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The surprising frequency of two-out scoring

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Though if you think about it, it may not be all that surprising.

Chicago White Sox v Minnesota Twins
Dingers: the easiest way to score no matter how many outs there may be.
Photo by Hannah Foslien/Getty Images

On Monday night, the Twins watched their division rival opponent White Sox score four of their six runs with two outs to win on the road.

On Tuesday night, Minnesota countered heavily, scoring 12 of their 14 runs with two outs in a rout.

Does this mean two-out rallies are (gasp) commonplace? Is the magic of a rally with nothing to lose something ordinary enough that it might as well not be termed miraculous?

Since two games is a tiny sample size, let’s look at the whole season.

(All stats are from Baseball Reference and are through Tuesday, August 20.)

First, just the Twins

At the plate, the Twins have plated 740 runs over the course of the season, and 281 - an impressive 37.97 percent - have come with two outs. As the outs go down, so do the runs: the Twins have scored 265 runs (35.81 percent) with one out, and only 194 (26.22 percent) with zero.

To some extent, this makes sense, as at-bats result in outs more frequently than baserunners; thus it is more likely that a runner will be on base with someone out than without. Thinking about this, the ascending pattern of Twins runs with more outs seems logical.

The scoring pattern of Twins’ opponents supports this hypothesis. The Twins have surrendered 588 runs this year, and 247 (42.01 percent) have cross the plate with a pair of outs. With one out, the Twins have given up 190 runs (32.31 percent), and with no outs, 151 (25.68 percent).

But as before, two is a small sample size.

Time to look at the whole league.

Yes, the whole league

Thirty teams, runs sorted by outs:

Runs scored by outs in inning

Team Total runs Runs (0 out) Run % (0 out) Runs (1 out) Run % (1 out) Runs (2 outs) Run % (2 outs)
Team Total runs Runs (0 out) Run % (0 out) Runs (1 out) Run % (1 out) Runs (2 outs) Run % (2 outs)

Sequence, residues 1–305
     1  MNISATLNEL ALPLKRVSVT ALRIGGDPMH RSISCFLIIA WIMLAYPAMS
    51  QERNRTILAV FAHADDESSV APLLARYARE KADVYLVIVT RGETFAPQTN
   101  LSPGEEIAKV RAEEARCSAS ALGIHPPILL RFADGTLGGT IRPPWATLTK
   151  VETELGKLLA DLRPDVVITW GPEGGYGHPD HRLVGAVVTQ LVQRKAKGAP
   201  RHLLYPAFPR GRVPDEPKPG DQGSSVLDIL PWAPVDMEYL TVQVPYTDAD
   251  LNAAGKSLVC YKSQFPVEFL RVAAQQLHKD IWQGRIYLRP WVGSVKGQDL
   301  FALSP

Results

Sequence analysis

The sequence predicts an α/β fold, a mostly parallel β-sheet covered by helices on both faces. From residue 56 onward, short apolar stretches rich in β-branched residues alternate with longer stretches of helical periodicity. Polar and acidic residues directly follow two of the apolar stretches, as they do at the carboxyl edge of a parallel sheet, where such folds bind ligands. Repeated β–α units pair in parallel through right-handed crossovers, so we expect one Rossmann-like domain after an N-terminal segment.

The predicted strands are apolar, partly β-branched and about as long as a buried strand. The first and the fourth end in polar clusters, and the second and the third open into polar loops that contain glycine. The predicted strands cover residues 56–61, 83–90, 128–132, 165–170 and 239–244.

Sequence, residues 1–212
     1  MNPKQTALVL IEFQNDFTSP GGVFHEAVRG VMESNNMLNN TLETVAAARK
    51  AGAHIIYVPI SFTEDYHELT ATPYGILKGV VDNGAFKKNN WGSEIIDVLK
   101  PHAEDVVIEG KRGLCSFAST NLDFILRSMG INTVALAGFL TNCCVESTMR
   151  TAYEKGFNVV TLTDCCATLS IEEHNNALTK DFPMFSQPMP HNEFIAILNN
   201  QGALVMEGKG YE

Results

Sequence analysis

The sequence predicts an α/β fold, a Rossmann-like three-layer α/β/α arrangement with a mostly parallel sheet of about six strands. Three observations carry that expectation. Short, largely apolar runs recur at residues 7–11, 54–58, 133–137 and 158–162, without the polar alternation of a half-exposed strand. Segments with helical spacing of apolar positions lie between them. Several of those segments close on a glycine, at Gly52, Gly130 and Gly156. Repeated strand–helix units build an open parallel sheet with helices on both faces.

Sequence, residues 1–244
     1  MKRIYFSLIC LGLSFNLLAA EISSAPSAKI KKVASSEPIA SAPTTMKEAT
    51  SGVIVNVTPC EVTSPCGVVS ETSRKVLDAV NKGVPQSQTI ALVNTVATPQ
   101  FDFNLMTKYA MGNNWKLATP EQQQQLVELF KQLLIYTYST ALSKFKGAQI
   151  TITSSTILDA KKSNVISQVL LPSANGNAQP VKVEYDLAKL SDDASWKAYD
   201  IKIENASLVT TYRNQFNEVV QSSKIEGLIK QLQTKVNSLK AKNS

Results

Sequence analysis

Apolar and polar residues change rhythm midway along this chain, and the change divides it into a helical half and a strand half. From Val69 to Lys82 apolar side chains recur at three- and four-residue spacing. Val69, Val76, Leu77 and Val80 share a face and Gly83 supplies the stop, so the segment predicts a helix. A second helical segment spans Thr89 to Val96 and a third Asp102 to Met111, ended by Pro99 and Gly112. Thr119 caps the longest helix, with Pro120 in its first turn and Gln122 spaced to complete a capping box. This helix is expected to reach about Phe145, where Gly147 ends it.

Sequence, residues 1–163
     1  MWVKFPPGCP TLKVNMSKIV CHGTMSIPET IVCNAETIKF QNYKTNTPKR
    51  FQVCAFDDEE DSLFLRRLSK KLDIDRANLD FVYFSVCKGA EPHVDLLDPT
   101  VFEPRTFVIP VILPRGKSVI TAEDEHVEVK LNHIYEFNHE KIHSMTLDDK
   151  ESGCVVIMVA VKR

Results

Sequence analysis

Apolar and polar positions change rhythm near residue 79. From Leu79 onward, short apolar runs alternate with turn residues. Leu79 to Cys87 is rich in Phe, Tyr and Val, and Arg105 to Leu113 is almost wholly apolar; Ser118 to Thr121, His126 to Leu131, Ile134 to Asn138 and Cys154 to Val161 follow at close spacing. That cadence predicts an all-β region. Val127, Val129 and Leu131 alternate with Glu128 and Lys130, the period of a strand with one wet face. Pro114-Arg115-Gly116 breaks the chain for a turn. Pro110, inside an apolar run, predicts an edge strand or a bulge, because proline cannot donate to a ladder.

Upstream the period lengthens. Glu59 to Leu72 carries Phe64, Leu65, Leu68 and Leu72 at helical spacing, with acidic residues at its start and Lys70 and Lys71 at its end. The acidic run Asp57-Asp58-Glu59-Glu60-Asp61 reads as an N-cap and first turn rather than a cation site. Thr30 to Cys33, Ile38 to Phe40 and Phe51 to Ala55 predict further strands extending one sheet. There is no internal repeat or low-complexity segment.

New York Yankees 749 167 22.30% 291 38.85% 291 38.85%
Minnesota Twins 740 194 26.22% 265 35.81% 281 37.97%
Boston Red Sox 737 158 21.44% 270 36.64% 309 41.93%
Los Angeles Dodgers 709 166 23.41% 273 38.50% 270 38.08%
Houston Astros 696 200 28.74% 239 34.34% 257 36.93%
Atlanta Braves 683 181 26.50% 265 38.80% 237 34.70%
Colorado Rockies 671 165 24.59% 261 38.90% 245 36.51%
Arizona Diamondbacks 663 191 28.81% 246 37.10% 226 34.09%
Washington Nationals 657 146 22.22% 247 37.60% 264 40.18%
Los Angeles Angels 651 177 27.19% 250 38.40% 224 34.41%
Texas Rangers 645 156 24.19% 251 38.91% 238 36.90%
Oakland A's 635 172 27.09% 211 33.23% 252 39.69%
Seattle Mariners 623 137 21.99% 251 40.29% 235 37.72%
Chicago Cubs 615 152 24.72% 232 37.72% 231 37.56%
New York Mets 611 150 24.55% 246 40.26% 215 35.19%
Milwaukee Brewers 605 175 28.93% 200 33.06% 230 38.02%
Cleveland Indians 597 142 23.79% 236 39.53% 219 36.68%
Philadelphia Phillies 595 120 20.17% 264 44.37% 211 35.46%
Tampa Bay Rays 590 150 25.42% 207 35.08% 233 39.49%
Toronto Blue Jays 580 147 25.34% 216 37.24% 217 37.41%
Pittsburgh Pirates 576 129 22.40% 214 37.15% 233 40.45%
Cincinnati Reds 566 141 24.91% 221 39.05% 204 36.04%
San Diego Padres 562 142 25.27% 181 32.21% 239 42.53%
St. Louis Cardinals 558 129 23.12% 230 41.22% 199 35.66%
San Francisco Giants 551 159 28.86% 200 36.30% 192 34.85%
Baltimore Orioles 547 97 17.73% 231 42.23% 219 40.04%
Kansas City Royals 541 148 27.36% 190 35.12% 203 37.52%
Chicago White Sox 528 129 24.43% 190 35.98% 209 39.58%
Miami Marlins 454 128 28.19% 180 39.65% 146 32.16%
Detroit Tigers 447 121 27.07% 159 35.57% 167 37.36%
MLB Total 18382 4569 24.86% 6917 37.63% 6896 37.51%
MLB Average 613 152 24.86% 231 37.63% 230 37.51%

It’s clear that teams score more runs with somebody out than with nobody, which fits the hypothesis, but though it varies by team, one-out and two-out scoring are just as common.

Why might one-out scoring be as high? Among other reasons, an at-bat can result in both an out and a run when there are less than two outs, allowing for RBI groundouts and sacrifice flies. Additionally, batters up with fewer outs are considered to be under less pressure - though the statistical correlation between pressure and success at the plate is far from certain.

Still, don’t be surprised when the Twins rack up a couple runs with a pair of outs... but appreciate them just as much.